The latest result of their efforts is Dance Around the House, a delightful collection of songs the whole family can relate to and enjoy. The Mamas aim to sing songs that appeal as much to parents as kids, a goal they have achieved in “Dance,” as well as their earlier CD, Swingset Mamas. And they proved it in person last month by putting a fresh young spin on the music scene at CB’s Gallery.
- 2/06 Chris Costanzo

"New York Times"

No one could accuse this pop duo of having a confusing name. They are what they call themselves — mothers catering to the youngest music fans — and they explore day-to-day life in their tunes, like “Buckle Up,” which may be the first hip-hop number about seat belts. At noon, Joe’s Pub, at the Public Theater, 425 Lafayette Street, at Astor Place, East Village, (212) 967-7555 (tickets), (212) 539-8778 (table reservations), joespub.com; $12; $12 minimum at tables. - New York Times by LAUREL GRAEBER 10/19/07

"NickJr.com "Swing, Dance and Sing" Review"

“Preschoolers will have so much fun singing and dancing to these songs, they won't even realize how much they're learning! Besides the eclectic mix of musical genres they'll be introduced to--calypso, blues, hip-hop and zydeco--they'll get quite an education in the things that are important in their daily lives”. - NickJr.com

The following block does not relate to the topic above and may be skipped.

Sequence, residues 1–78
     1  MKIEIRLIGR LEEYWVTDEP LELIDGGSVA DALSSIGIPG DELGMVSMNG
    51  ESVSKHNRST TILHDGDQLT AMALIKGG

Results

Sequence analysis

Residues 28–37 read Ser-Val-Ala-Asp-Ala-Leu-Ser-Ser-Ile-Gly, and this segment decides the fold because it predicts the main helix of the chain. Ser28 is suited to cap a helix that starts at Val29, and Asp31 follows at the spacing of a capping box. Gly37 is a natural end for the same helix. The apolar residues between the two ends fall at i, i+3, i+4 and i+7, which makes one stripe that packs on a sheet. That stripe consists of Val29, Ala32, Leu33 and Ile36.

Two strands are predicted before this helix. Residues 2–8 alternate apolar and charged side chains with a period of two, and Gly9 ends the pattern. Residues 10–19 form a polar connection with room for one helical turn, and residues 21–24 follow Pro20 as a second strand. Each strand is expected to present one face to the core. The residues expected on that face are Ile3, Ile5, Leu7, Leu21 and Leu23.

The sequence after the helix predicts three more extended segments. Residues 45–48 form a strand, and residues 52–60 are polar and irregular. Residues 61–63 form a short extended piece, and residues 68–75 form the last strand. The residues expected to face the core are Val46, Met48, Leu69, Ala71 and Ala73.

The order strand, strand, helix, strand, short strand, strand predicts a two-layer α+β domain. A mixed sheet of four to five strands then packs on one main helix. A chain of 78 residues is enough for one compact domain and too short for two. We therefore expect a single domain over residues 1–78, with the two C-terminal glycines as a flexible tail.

Swing, Dance and Sing- DVD
Music for the Whole Family - LP
Dance Around the House - LP



The Swingset Mamas take the rhythms of everyday life and playfully weave them into song for kids and parents of ALL ages to enjoy! People all over the world are grooving to the music of the Swingset Mamas - and you will too!

Whether making sun safety fun with the "Sunscreen Dance", eating healthy with the reggae-inspired "Colors of the Rainbow", or fastening your seatbelt to a hip-hop beat with “Buckle Up” (now played on SIRIUS Satellite Radio); the music of the Swingset Mamas appeals to kids and parents of all ages. 2008 AWARDS include: Parents Choice, NAPPA , iParenting Media & Dove Foundation.